5.23.2012

Rigged Games (And Why You Shouldn't Play Them)

You're at a carnival with your best gal. You start walking through the arcade and see one of those "ring the bell" where you use a cartoonish mallet to hit a paddle which flings a slider up a rail and, if you're strong enough, hit a bell. You hear a barker yell "Step right up! Ring the bell and win the lady a big stuffed dog!"

You have heard your whole life that the game is rigged, but you're not thinking of that. You're thinking of the look on your best gal's face when you hand her that big stuffed dog. You pay a dollar, walk up, grab the hammer and get in position.

Right before you swing the hammer, you see the carnival barker lean on one of the support cables holding the slider with the bell on it in place. This causes the structure to lean slightly, putting the slider off-balance and introducing friction. But you don't care -- you want to see the look on her face when you hand her that gigantic stuffed dog.

To no one's surprise, the slider makes it about 3/4 of the way up and then plummets. You pay another dollar; you try again. You fail again. You pay another dollar. So on and so forth, until you begin to think you're weak and incapable of getting past this stupid barrier that, if it didn't exist, would make your job so much easier and you could succeed.

Disappointed and feeling down and weak, you walk away.

A few months (or weeks or even days) later, you're at the carnival. you've got your best gal with you. You stroll through the arcade. You see the bell ringing game and the carnival barker. You know the game is rigged... But now you've got your pride on the line. You know that, if you can just try really hard and hit it hard enough, you can get that stuffed dog and make your lady happy. 

Do you play the game?

Of course not, it's rigged. You're smarter than that, right?

*   *   *

You're at home when your best friend calls. She's upset -- her boyfriend has cheated on her. You advise her to leave. "But he's really a great guy, and he says he's really sorry, and he loves me..." You try your best to talk sense into her, but she's absolutely convinced that if she leaves him, she'll never find anyone else. "But do you really want to be with someone like that?" You ask. She says it beats being alone.

A few months (or or weeks or even days) later, she calls again. Her boyfriend has cheated again . You advise her to leave. "But he's really a great guy, and he says he's really sorry, and he loves me..." 

Do you play the game?

"Well, it's my friend..." So you play. It's just as rigged as the bell game. "But it's my friend..." 

*   *   *

You're at work. The CEO needs you to be the clutch hitter and save the day. The sales guy can't handle the sale. You need to step in and save the day. "But I have all this other work..." you say. Doesn't matter. This is the priority. The CEO will square it up with your manager.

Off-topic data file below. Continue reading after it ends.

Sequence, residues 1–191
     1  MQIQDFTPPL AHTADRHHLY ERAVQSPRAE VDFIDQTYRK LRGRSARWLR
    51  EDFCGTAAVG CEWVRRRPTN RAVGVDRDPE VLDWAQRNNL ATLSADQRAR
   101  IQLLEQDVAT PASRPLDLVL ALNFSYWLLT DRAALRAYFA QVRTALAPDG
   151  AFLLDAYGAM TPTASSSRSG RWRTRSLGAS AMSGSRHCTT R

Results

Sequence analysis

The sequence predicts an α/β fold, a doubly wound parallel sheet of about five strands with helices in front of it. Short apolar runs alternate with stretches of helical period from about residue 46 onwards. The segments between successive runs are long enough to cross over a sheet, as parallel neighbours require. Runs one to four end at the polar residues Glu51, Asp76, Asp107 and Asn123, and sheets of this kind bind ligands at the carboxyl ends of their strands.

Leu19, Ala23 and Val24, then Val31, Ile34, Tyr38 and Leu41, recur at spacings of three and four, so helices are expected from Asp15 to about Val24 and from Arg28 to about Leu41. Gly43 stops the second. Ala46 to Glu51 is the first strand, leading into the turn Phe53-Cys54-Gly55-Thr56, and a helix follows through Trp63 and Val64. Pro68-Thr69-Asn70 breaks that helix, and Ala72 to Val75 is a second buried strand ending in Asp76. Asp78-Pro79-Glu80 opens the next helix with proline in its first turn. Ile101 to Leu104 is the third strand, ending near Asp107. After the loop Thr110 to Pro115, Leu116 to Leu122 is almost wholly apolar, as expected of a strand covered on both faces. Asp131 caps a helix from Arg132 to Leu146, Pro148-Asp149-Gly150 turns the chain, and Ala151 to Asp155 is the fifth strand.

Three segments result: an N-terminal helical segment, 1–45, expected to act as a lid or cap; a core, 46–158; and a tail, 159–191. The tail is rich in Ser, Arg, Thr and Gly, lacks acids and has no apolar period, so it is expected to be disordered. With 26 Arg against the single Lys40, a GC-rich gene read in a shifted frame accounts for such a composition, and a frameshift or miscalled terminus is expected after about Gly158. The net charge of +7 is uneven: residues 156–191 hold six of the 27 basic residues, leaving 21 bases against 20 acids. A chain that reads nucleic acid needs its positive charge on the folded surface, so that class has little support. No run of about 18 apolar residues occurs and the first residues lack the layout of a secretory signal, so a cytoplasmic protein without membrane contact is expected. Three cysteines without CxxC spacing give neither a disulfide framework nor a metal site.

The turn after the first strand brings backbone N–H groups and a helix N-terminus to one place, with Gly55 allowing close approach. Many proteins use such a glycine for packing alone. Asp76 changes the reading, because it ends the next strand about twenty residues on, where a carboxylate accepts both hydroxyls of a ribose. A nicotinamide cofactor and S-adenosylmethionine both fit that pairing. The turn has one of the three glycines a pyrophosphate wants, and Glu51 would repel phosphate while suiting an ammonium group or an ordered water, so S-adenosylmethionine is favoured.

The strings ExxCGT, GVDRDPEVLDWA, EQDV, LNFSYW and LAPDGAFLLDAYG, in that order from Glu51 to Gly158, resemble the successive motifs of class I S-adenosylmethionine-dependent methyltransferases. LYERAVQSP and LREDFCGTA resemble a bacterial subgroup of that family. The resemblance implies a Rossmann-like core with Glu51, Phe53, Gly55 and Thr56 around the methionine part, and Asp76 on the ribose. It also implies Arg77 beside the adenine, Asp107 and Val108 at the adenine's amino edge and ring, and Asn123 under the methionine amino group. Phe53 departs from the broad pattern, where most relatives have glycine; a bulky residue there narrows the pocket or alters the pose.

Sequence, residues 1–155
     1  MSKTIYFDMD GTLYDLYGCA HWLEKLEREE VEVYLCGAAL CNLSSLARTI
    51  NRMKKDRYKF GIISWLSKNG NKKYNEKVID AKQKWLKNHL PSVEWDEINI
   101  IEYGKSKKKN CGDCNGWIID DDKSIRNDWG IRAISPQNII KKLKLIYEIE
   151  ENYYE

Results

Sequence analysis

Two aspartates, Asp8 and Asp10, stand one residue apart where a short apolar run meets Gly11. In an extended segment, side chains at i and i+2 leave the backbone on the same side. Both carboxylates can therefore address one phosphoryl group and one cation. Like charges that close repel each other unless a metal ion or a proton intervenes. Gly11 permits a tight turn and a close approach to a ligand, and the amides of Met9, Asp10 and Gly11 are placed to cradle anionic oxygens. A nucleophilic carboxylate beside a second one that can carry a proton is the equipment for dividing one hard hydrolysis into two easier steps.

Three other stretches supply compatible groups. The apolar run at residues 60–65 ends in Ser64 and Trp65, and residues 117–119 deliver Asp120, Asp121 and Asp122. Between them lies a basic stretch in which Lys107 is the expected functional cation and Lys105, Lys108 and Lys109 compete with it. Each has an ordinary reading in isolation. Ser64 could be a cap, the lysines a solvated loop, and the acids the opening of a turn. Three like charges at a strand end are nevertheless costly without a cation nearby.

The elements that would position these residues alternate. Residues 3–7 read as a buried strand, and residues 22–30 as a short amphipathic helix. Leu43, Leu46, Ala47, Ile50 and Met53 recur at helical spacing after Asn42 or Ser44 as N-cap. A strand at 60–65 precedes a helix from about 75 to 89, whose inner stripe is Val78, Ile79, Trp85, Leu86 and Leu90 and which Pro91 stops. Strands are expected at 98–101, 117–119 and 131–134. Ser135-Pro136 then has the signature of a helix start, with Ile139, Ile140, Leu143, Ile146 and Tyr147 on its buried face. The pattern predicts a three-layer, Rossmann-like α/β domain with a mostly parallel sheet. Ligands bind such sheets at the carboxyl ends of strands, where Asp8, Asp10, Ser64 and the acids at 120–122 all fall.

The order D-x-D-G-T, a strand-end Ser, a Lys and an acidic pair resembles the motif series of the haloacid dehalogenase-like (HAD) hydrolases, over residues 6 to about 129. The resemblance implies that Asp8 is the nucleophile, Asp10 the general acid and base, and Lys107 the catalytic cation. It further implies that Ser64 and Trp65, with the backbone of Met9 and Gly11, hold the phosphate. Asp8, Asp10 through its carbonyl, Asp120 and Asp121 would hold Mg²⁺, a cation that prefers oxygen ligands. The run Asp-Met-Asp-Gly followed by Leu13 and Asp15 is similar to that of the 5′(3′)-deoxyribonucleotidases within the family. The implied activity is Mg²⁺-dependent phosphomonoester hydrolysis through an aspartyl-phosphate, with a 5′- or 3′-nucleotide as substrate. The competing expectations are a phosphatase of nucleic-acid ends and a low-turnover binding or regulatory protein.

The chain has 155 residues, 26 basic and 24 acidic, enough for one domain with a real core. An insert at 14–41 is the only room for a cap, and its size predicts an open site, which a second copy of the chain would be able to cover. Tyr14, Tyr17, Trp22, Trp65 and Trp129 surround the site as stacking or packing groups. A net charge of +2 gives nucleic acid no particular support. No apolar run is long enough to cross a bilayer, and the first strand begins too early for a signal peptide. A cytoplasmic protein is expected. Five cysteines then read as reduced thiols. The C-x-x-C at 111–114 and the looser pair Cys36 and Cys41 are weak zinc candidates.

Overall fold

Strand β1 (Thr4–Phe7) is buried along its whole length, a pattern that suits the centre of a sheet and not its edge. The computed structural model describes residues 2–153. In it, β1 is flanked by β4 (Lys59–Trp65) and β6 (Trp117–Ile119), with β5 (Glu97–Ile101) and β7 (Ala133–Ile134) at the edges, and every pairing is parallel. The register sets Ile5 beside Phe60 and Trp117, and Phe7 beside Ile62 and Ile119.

So you do as you're asked. You talk the client into sticking around, and get the work they need done, done. The sales guy gets paid his full commission, and gets the credit for the sale. You're asked by your manager why the work you had to do for her was put off and didn't get done. "Well, the CEO needed me to do this for the sales guy..." But no one told the manager, and she was expecting that work. Plus, the sales guy got all the credit and no one really mentioned your role...

A few months (or weeks or even days) later, you're at work. The CEO needs you to be the clutch hitter and save the day. The sales guy can't handle the sale. You need to step in and save the day. "But I have all this other work..." you say. Doesn't matter. This is the priority. The CEO will square it up with your manager...

Do you play the game?

"Well, it's my job..." So you play. But it's just as rigged as the bell-ringing game. "But it's my job..."

And now, you're playing your own rigged game against yourself.

*   *   *

Of course there are MANY more examples of rigged games, some far more severe than these. But the point is the same: the reason you shouldn't play rigged games is that you cannot win. 

The reason you will play the work and the friend game where you probably wouldn't play the bell-ringing game is that you feel like a terrible friend if you don't show up when they need you (even if it's the fifteenth time in a row on the same problem), and you need your job to survive...

The reality is, you're actually a much better friend if you call your friend on her crap and make her face it. You're much better at your job if you cut out the sidebars and either do the job you were hired to do or get officially put in the job you're being asked to cover. 

If your friend or your job react poorly to those realities, you're in a rigged game, and you need to get out. The same applies to every situation in life: if there is a solution to the problem, and someone doesn't take it, they don't want the problem to be solved.

If you realize you're playing a rigged game and you decide to put down another dollar and take another swing, don't blame the carnival barkers. They're doing what they do, and you know they're doing it. You have no right to be angry at anyone but yourself.